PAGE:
Image: Judge Neil Gorsuch

Supreme Court nominee Neil Gorsuch in Washington last week. Shawn Thew / EPA

Senate Minority Leader Chuck Schumer, D-New York, said on MSNBC on Wednesday that Gorsuch should have been more forceful in his disagreement with the president. “To whisper to a senator behind closed doors without condemning, without making a public statement, is not close to enough,” Schumer said.

Trump called the federal judge in Seattle who blocked the order last week a “so-called judge.” U.S. District Judge James Robart was appointed by President George W. Bush.

In a speech Wednesday, the president criticized pointed questions by a three-judge panel of the 9th U.S. Circuit Court of Appeals a day earlier.

“I don’t want to call a court biased, but courts seem to be so political,” Trump complained during a joint conference in Washington, D.C., of the Major County Sheriffs’ Association and the Major Cities Chiefs Association.

“I listened to a bunch of stuff last night that was disgraceful,” he added. “It was disgraceful.”

The president in an earlier tweet Wednesday had already blamed “politics” in the event the judges don’t rule in his favor.

Trump read a section from the

Immigration and Nationality Act and told the conference room of law enforcement officials, “A bad high school student would understand this. Anybody would understand this.”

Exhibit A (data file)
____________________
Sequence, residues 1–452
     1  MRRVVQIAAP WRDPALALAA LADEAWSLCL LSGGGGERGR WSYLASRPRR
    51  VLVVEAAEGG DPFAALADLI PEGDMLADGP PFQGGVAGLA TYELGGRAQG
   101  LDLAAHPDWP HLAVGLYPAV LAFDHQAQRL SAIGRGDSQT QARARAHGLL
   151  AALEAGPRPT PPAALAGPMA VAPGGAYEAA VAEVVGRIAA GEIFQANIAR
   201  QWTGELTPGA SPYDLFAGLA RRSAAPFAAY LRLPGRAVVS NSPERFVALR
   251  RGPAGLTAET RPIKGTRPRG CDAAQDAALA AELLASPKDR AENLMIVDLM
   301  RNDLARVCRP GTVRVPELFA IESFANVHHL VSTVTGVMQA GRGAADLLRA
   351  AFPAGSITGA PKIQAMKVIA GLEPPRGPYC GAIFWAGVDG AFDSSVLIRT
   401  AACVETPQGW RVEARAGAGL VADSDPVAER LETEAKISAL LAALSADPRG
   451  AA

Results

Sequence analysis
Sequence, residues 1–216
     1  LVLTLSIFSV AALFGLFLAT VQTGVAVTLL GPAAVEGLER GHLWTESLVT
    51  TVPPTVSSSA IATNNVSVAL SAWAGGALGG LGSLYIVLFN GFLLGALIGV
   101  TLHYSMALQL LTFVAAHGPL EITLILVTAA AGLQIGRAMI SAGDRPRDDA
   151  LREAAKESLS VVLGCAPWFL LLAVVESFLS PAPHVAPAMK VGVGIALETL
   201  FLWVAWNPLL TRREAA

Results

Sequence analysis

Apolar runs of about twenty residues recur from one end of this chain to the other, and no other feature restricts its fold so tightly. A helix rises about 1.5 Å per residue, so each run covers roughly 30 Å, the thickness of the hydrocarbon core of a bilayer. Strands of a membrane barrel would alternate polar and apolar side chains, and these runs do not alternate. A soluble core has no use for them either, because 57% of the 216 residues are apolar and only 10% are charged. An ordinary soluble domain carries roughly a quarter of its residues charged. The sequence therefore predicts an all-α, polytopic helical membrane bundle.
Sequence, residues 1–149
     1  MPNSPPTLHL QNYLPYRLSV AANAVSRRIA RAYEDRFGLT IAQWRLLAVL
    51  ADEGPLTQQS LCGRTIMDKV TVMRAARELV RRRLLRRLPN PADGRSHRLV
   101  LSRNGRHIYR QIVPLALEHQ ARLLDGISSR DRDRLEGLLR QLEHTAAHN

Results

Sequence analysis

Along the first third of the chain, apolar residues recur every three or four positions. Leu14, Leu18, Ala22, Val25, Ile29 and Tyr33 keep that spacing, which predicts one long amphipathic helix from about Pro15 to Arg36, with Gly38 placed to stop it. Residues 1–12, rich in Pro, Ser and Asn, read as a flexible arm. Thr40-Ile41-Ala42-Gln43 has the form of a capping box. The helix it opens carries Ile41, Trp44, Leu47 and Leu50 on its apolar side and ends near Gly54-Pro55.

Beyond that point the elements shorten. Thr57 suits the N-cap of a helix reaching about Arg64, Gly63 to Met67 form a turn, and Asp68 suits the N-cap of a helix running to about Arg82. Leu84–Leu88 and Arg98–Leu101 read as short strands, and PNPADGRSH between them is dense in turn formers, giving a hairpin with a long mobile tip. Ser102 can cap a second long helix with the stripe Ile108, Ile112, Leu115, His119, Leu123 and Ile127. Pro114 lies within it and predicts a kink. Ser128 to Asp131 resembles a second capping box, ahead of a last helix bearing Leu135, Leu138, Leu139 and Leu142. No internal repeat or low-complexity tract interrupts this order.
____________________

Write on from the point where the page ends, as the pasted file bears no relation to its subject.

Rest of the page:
Experts Say Trump Undermines Judiciary With Twitter Attack on Judge

The 9th U.S. Circuit Court of Appeals

could rule this week on whether to put on hold Robart’s temporary restraining order, which effectively blocked implementation of the travel restrictions nationwide.

Visa holders rushed to take advantage of the pause. About 60,000 visas that had been canceled were deemed valid after Robart issued his restraining order last week.

Trump has called the order necessary to protect Americans from terrorism. The executive action follows pledges Trump made on the campaign trail for “extreme vetting.” Critics have called the order a “Muslim ban,” which Trump has denied.

Some Senate Democrats, including Schumer, have said they want Gorsuch’s confirmation to require 60 votes. Republicans have a 52-46 majority in the Senate, with two independents.


Democrats Vow Resistance to Neil Gorsuch, Trump’s Supreme Court Pick

If Democrats do filibuster the pick, Senate Majority Leader Mitch McConnell, R-Kentucky, could seek a change in Senate rules to prevent a filibuster on Supreme Court nominees, commonly referred to as the “nuclear option” because it would eliminate a longstanding tool of the minority party.

Trump has said that if Democrats do try to block the pick, McConnell

has his blessing to use the option.

It’s not the first time that Trump has been criticized for comments he made about a judge.

During the presidential campaign, Trump

told The Wall Street Journal that U.S. District Judge Gonzalo Curiel’s “Mexican heritage” is a conflict in his presiding over a fraud case against Trump University.

House Speaker Paul Ryan, R-Wisconsin,

at the time said “claiming a person can’t do their job because of their race is sort of like the textbook definition of a racist comment.” Trump in November agreed to settle the Trump University suit for $25 million.